Budget Negotiation Techniques
Personal or professional, handling finances is never an easy task. Luckily, as with any other challenge, dividing it into little pieces and tackling them one by one makes it just a bit easier. Here’s how.
To create something, you first need the raw materials. In the case of budgeting, the material is information. And if you’ve ever been put in the position to gather information, you might have used the 5Ws method: finding out who, what, when, where, and why. Without straying, this also applies to building a budget. An important thing to remember, however, is that there are two sides to every budget proposal: the one who advances it, and the one who approves it. Always ask both of them the 5Ws.
Simply put, the purpose of a budget is to offer stability, by laying down a plan that contains all financial elements, alongside various possible scenarios. By making estimations and generating forecasts, businesses set themselves up for less pressure when it comes to making decisions, and more wiggle room in the case of unexpected situations. Not only this, but a well-prepared budget is also a great tool in monitoring efficiency.
The importance of a budget is best exemplified by a phrase which is assigned to Benjamin Franklin – “If you fail to plan, you are planning to fail.” Basically, don’t even think about achieving success without a detailed agenda and an outline of necessary actions to get there. And if we talk company-wise, financial plans are in the very top priorities. Budgeting can make the difference between making it or breaking it.
Preparing a budget is no piece of cake, but it shouldn’t be a Herculean task either. Broadly speaking, what it all comes down to is breaking down expenses, estimating, researching, forecasting, adjusting, and then researching some more. A number of solid steps in preparing a budget can turn this activity from a strenuous process into an engaging exercise.
Once everything has been laid out, the main budget components that are worth negotiating will stand out. There are two aspects to keep in mind here: a. you’ll have two negotiation “opponents” – one is the management, the other is represented by suppliers; and b. in budgeting (just as in every other aspect of life), you have to choose your battles. Identify and prioritize which are the costs that have the most impact and are worth fighting over.
There are numerous negotiation tactics that one can employ during a negotiation situation. There are hard-bargaining ones and soft approaches, straightforward or manipulative ones, competitive or collaborative. You can even use silence as a negotiation tactic. You can learn from others, you can choose what works best for you, or you can develop your own methods from scratch.
Here are three of these methods, hand-picked for you.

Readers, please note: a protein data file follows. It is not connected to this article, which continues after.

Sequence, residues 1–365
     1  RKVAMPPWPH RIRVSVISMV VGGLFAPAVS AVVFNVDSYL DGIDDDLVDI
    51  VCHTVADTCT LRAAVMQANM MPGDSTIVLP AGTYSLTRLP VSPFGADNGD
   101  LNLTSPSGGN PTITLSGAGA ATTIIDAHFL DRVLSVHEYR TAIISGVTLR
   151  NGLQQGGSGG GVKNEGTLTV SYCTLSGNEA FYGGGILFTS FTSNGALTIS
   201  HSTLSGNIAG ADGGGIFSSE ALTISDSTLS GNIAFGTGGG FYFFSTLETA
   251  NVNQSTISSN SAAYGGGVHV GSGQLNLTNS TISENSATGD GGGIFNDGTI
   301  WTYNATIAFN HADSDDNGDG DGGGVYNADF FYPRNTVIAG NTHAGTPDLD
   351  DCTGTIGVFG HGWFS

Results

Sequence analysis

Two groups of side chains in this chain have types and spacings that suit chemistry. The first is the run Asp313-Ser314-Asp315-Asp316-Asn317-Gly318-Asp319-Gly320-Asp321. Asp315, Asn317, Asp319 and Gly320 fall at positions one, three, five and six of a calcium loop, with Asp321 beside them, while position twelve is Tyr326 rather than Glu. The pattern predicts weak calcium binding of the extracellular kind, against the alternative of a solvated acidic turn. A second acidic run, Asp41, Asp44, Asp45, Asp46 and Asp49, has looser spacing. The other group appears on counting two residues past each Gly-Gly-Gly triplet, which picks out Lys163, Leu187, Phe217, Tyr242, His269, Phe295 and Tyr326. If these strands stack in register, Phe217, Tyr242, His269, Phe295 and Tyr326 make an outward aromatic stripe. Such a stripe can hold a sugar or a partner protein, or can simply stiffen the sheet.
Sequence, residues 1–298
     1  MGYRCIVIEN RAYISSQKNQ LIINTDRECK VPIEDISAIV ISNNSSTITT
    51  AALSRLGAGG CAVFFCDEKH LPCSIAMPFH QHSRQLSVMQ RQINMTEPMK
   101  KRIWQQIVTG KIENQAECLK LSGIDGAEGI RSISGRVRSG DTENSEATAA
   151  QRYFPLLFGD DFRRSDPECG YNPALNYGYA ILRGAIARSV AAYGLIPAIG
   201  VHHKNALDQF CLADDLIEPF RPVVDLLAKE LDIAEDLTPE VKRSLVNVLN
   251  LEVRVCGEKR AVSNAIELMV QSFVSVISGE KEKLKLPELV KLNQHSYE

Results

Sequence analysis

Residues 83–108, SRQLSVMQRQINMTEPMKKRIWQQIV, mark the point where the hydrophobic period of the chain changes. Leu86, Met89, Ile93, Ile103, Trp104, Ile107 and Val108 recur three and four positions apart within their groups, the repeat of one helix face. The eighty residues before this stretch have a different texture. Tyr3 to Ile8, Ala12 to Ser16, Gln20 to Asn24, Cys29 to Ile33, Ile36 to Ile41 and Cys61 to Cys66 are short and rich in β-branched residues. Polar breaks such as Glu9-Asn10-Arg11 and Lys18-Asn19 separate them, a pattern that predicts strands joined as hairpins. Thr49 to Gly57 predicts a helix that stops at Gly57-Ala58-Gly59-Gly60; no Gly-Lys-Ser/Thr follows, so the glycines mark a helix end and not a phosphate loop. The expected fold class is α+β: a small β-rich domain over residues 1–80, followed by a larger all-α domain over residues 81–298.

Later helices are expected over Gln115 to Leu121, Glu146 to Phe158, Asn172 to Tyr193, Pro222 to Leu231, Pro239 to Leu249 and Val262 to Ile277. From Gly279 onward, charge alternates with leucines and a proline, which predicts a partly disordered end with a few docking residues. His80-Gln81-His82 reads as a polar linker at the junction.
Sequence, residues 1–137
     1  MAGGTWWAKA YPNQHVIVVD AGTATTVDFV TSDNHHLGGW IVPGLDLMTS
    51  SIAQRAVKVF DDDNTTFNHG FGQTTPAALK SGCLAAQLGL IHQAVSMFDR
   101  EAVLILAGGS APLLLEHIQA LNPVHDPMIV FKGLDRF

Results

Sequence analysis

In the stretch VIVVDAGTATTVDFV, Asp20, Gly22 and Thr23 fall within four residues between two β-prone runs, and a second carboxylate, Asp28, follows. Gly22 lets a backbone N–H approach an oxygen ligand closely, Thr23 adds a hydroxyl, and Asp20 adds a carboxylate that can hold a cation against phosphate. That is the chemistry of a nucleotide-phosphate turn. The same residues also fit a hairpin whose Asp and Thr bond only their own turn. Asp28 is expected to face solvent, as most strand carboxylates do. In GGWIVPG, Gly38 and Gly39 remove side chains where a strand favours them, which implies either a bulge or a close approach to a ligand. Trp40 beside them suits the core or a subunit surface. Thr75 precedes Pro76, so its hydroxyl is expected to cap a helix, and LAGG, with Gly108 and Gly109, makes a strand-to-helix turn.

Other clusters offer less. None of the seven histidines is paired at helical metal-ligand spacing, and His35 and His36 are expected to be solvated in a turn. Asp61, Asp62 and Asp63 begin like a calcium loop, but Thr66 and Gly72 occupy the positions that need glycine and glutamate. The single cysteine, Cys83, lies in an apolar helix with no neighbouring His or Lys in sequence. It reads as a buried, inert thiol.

1. Present – Justify – Follow up
This is probably the most obvious of tactics and how a budget negotiation should naturally go. There’s no hard-bargaining here, no manipulation, no beating around the bush. Whether you’re prepping for a meeting with the management or with a supplier, these three steps are the basic plan you need to follow.
First of all, you should have at hand a snapshot of the entire proposal. Knowing your budget plan means you can deliver it as easily as an elevator pitch. Secondly, every expense must be logistically accurate and legitimate. Think of the 5Ws. Your audience should understand what is needed (e.g. product, service), who needs it, when, where, and why. In addition, throwing in some comparisons with previous years expenses, or how a product or service has increased or depreciated in value over time, will help certify you as someone who knows what they’re talking about. Finally, you should always create a follow-up plan, before sending everyone on their way.
2. Focus on the benefits
Trying to get approval from management on expenses can sometimes get discouraging. While you’re seeing all the possible improvements in the workplace environment and atmosphere, all they’re seeing is numbers. If that’s the case, then build your entire discourse around those benefits and show them a perspective focussed on the advantages a certain service or product brings, instead of its price.
If you still cannot escape the number plot, take the lead and show those figures that show said improvements. For example, in the case of YArooms, instead of sharing pricing plans, illustrate the amount of time and money this type of room booking system saves by streamlining the process of room and meeting management.
When it comes to expenses, what you get at a certain cost is important. If you’re trying to get approval on a budget scheme that you know is going to raise a few eyebrows, maybe try and sweeten the deal by bundling several items together. Of course, it is advisable to put in all the efforts to highlight the benefits of each and every element, but you have to be prepared for an audience that doesn’t have the time or is unwilling to go over each of them. If you’re bound to give a bird’s-eye view of the financial proposal, make it irresistible.
In the same manner, when dealing with vendors, a good way to negotiate is to convince them to throw in extra elements, units, features. If you can’t alter the price, you might as well take a chance in modifying what exactly you’re buying for that amount. Don’t forget, they need the sale as much as you do (maybe more).
Last, but not least, when going into any negotiation, regardless of its type, always remember to take your BATNA with you. BATNA (Best Alternative To A Negotiated Agreement) is your backup plan – what are you willing to do or accept in case all negotiation fails and there’s no agreement.
At first sight, budgeting seems to be a big, scary monster. But there’s nothing that cannot be solved with a step-by-step solid plan, tackling each individual task. As Julius Caesar used to say: “divide et impera”.